Your behavior appears to be a little unusual. Please verify that you are not a bot.


Directions 2022: A new epoch for GLONASS

January 18, 2022  - By , and
Figure 1. GLONASS high inclined space complex. (Image: Institute of Navigation Technology JSC)

Figure 1. GLONASS high inclined space complex. (Image: Institute of Navigation Technology JSC)

The digital transformation of the global economy requires precise time synchronization and valid object position information. Global navigation satellite systems (GNSS) are the most accurate tool for such tasks.

This year will be 40th anniversary of the launch of the first GLONASS satellite, and we see that the quality of navigation services is driven by the characteristics of today’s satellite navigation signals.

The first fourth-generation Glonass-K2 #13L satellite is scheduled for launch in 2022. It will broadcast a full ensemble of navigation signals — both Frequency Division Multiple Access (FDMA) signals in the L1 and L2 bands and Code Division Multiple Access (CDMA) signals in the L1, L2 and L3 bands. This long-awaited launch will cap a 10-year effort and begin to provide a new platform by broadcasting all the CDMA signals through a single antenna array on the satellite’s geometric axis.

The FDMA antenna array is displaced by 0.9 m from this axis, but this arrangement is done on only two satellites. The next Glonass-K2 satellites, which will be launched beginning in 2024, will have a single antenna array for all navigation signals.

The final second-generation Glonass-M satellite, scheduled to be placed in orbit next year, will provide services by open FDMA signals in the traditional bands at 1.6 GHz and 1.25 GHz. This satellite will be the seventh Glonass-M vehicle able to broadcast GLONASS L3 CDMA signals. There are only two Glonass-K satellites broadcasting this signal now, but more satellites with such a signal will be activated by the end of testing of the GLONASS modernized ground control facility.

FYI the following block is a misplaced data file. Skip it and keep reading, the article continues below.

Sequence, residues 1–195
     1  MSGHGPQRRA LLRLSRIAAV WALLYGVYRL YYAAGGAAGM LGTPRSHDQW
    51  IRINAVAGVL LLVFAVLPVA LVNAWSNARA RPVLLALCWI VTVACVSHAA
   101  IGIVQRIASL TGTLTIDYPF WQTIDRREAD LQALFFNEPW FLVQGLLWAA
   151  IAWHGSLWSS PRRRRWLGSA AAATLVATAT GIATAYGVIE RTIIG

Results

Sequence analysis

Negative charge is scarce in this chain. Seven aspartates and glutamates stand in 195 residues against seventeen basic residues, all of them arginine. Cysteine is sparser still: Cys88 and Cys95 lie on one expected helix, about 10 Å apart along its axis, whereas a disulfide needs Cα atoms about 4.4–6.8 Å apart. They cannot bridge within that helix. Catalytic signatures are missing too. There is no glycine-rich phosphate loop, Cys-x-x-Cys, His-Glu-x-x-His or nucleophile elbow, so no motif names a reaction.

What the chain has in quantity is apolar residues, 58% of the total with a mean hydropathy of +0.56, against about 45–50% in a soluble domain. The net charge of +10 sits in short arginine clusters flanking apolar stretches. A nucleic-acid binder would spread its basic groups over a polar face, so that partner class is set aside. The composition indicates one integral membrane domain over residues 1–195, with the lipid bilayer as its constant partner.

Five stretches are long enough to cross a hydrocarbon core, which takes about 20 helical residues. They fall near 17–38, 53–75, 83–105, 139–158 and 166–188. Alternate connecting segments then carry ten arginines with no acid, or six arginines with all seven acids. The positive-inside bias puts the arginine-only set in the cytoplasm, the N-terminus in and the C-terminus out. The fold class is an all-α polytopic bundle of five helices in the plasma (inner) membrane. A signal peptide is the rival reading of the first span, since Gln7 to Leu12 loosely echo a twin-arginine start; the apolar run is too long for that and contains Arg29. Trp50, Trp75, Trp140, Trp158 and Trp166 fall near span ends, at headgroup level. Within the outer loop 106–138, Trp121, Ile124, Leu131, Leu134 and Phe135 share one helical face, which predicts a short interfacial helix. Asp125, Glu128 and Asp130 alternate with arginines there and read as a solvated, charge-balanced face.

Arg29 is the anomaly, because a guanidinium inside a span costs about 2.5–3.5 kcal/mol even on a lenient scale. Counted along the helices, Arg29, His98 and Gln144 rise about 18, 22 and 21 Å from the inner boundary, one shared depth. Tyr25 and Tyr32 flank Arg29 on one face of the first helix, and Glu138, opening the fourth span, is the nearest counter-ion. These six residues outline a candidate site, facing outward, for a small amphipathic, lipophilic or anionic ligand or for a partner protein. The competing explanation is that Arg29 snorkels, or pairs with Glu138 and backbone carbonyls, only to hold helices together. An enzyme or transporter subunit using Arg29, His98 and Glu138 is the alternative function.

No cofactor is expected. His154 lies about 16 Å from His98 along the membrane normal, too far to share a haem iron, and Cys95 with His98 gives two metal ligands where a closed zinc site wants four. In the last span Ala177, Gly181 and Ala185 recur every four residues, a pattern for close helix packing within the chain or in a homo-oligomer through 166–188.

We expect the number of satellites able to provide this service to increase by two per year as we replace Glonass-M satellites with Glonass-K and Glonass-K2 satellites.

As of this writing, 15 satellites (62% of the constellation) are working past their guaranteed life times, limiting our ability to increase the system’s accuracy. For the last decade, the signal-in-space range error (SISRE) was 1.4 m, despite the fact that newly launched satellites provide a SISRE of about 0.8 m.

Glonass-K satellites will be launched to maintain the orbit constellation within the next three years, and the accuracy of their signals will be the same or even better. These satellites have a single antenna array for all three bands and could broadcast either FDMA or CDMA signals.

In 2022, the constellation orbits will increase to six satellites in three planes, as we aim to increase the navigation service accuracy and availability (FIGURE 1). See TABLE 1 for satellite orbit parameters. This constellation will make it possible to increase navigation accuracy in the Eastern Hemisphere by about 25% through decreasing the value of the geometric factor.

Table 1. Augmented orbit constellation parameters.

Table 1. Augmented orbit constellation parameters.